Steve Selpal




Who am I? (My cat probably thinks I’m the food god.) I have to live up to her expectations and keep finding money in my bank account [to feed her]. This arrangement makes me happy. When my cat is happy, then I’m happy.

My website reminds me about who I am, because of what I do. I like to make people happy, too. When I do commercial art for example, a customer’s daughter may need her father’s success, and I find that this is a huge and very serious responsibility.

Sometimes the commercial art has to be infused with humor, but that outcome… the final print job, or whatever- has to be a success and perfect, nothing less, to the best of my ability, even if the job is simple or complicated.

Also, I have people in my personal life that I have to keep happy too.

When I do other art, so-called fine art, as opposed to commercial art, I do that because if I don’t do that, I will go crazy and become very sad.

My life has been Art, and Art has been my life.

That sounds very unreal. Perhaps it’s a conundrum. Art is not pretty. Form follows function, that’s one rule of many of my rules, which are so brilliantly easy to follow, that they are automatic. Art must cause questions in the minds of the viewers, or else it is impotent. I have never had a New York art gallery show. Yet, I don’t consider myself a failure. I think that I have done quite well. On all my 1040 forms with our US Treasury IRS, I have written, as my job description, ARTIST, even in the years before my graduation with a BFA. I still use the divisionary terms, Commercial Art and Fine Art. Actually, neither supersedes the other. Art as a function of my life must always try to earn money. The ideas that I put into my Art, whether for hire or for the Art gallery have to satisfy both aesthetics and my meager life requirements.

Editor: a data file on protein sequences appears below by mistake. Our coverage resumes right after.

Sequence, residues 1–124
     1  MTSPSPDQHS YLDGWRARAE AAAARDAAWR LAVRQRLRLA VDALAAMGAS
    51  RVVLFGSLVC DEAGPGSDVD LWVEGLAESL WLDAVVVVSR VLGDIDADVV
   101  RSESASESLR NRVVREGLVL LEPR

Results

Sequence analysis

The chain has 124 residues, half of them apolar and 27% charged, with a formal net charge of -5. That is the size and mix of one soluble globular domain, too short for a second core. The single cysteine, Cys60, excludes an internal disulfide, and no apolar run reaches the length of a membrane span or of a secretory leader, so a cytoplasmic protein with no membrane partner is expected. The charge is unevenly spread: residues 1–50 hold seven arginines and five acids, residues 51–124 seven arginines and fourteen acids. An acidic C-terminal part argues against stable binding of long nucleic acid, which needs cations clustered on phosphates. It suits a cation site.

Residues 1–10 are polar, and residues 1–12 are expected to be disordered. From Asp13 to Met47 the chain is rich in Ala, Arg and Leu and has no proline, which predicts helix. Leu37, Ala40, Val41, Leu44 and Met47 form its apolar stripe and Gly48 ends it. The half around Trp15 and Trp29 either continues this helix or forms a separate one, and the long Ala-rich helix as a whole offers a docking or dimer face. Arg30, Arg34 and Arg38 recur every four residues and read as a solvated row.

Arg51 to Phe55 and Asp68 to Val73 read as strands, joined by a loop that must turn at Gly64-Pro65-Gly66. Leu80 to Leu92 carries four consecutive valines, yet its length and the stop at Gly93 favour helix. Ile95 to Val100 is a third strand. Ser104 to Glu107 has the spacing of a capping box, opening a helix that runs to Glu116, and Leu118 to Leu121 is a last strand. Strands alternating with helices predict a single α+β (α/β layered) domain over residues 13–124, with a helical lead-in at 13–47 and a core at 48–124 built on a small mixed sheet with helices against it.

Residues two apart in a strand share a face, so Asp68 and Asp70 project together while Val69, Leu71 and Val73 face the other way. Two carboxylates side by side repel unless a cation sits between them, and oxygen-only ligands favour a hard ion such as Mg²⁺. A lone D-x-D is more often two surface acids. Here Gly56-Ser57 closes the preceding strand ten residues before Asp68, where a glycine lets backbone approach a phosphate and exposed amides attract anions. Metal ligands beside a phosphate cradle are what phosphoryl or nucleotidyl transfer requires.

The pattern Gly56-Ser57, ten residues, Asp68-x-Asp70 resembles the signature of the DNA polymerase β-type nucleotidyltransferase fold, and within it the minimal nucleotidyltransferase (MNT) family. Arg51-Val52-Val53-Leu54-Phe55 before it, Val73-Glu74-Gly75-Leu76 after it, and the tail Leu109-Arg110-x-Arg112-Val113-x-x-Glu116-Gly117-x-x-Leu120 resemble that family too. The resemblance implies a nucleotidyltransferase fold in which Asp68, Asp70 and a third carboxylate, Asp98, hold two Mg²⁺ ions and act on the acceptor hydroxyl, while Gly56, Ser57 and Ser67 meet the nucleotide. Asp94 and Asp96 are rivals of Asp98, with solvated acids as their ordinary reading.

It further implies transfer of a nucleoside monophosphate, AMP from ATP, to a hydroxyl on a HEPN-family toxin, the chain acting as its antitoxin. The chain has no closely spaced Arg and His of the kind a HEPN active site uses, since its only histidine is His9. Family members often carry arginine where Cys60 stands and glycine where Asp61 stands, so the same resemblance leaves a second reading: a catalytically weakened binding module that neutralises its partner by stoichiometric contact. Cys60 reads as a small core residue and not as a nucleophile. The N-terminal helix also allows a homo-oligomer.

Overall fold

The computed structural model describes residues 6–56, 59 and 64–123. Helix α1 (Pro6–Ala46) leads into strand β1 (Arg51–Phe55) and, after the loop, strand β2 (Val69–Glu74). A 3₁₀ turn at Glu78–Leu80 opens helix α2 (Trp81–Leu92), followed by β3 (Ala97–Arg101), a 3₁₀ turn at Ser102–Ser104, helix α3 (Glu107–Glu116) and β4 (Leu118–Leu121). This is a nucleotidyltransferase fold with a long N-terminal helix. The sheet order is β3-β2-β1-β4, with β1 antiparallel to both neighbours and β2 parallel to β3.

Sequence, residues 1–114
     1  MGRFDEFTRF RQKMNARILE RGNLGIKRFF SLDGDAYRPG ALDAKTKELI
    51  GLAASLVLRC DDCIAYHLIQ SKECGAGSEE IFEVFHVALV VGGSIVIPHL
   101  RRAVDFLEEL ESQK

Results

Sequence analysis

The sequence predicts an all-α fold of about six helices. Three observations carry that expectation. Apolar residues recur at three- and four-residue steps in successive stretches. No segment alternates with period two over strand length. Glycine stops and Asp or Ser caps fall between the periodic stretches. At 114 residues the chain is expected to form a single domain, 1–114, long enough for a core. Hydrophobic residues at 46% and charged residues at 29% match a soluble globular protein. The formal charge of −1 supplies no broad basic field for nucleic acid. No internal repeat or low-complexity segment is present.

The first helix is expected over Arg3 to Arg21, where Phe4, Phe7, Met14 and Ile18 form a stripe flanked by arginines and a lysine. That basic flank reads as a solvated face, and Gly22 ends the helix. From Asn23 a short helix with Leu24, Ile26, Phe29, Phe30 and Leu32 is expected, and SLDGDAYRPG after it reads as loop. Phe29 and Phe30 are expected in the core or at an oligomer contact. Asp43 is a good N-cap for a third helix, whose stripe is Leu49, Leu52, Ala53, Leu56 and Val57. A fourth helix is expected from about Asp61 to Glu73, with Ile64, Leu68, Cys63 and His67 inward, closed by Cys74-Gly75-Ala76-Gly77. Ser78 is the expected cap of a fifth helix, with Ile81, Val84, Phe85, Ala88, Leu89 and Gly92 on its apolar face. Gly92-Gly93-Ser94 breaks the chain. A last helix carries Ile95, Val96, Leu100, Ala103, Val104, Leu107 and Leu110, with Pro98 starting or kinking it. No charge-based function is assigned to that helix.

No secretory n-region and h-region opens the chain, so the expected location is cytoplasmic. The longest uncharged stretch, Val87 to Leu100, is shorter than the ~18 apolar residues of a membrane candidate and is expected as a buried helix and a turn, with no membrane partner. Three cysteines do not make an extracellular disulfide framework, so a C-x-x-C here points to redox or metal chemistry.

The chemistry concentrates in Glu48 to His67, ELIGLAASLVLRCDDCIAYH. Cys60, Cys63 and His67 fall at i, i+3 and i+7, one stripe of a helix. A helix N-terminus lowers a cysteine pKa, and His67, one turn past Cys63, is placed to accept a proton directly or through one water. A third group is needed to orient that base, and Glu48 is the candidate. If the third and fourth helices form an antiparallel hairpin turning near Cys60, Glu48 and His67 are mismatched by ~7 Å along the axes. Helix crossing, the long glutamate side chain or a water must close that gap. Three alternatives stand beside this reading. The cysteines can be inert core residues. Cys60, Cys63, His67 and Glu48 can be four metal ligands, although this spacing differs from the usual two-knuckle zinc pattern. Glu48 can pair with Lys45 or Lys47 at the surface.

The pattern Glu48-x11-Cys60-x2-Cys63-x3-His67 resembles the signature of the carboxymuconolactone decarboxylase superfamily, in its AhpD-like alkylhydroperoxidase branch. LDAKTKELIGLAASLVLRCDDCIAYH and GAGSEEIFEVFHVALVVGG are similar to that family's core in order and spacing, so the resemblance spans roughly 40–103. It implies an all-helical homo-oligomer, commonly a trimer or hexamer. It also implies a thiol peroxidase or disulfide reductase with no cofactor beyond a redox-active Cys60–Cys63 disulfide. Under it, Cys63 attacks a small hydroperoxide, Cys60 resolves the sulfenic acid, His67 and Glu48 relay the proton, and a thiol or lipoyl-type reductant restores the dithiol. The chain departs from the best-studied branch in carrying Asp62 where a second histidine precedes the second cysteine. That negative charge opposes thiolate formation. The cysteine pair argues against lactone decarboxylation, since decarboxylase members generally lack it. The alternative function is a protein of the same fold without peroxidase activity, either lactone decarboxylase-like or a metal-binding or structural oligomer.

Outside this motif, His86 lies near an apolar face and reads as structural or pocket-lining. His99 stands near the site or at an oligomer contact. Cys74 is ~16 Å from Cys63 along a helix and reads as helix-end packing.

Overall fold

Both my art and life are humorous.

My life developed much more slowly than most people and I had been called a late bloomer many times. I know that this fact is very true but now I accept myself for who I am as an Asperger’s Syndrome individual. This is a newer psychiatric evaluation and I was born this way. In the distant past, the doctors were diagnosing me as schizophrenic and bipolar, because the current science at that time had no other way of labeling me.

Recently I have added new goals for my life. I have only done 3 public speaking presentations regarding autism plus one television interview, but I can strongly identify with the prospect of doing many more. I hope that I can do this, to instill confidence in people affected by autism. I want people to know that they can have their education and the focus of a career through persistence, as I have done. Perhaps I can help some of these young late bloomers.

Note from Kimberly Gerry-Tucker: Steve will tell you I am one of his first friends on the spectrum. From the get-go, we supported each other’s talents. We had our art appear in the same book(s) and although Steve and I never met in real time, we did speak on the phone and through emails from time to time. Our professional relationship grew to be a valued and comfortable one. Steve’s passion for advocating, his fine artistic abilities and fluency of speech are all things that inspire me. I reccommend both his art, be it commercial or fine, his storytelling, (see Temple Grandin’s latest book “The Thinking Brain, thinking across the spectrum” for a chapter from Steve).

Oh one more thing, I think it’s pretty cool he was born on 11/11. In fact, in numerology, his birth date is a 1. That tells you a lot right there. Mine is eleven but then of course the 1 is added to the other 1 and so my final number is 2.

Steve’s numbers:


In numerology:

1+1+1+1+1+9+5+0= 19


1+0= 1

What 1 meant for Steve: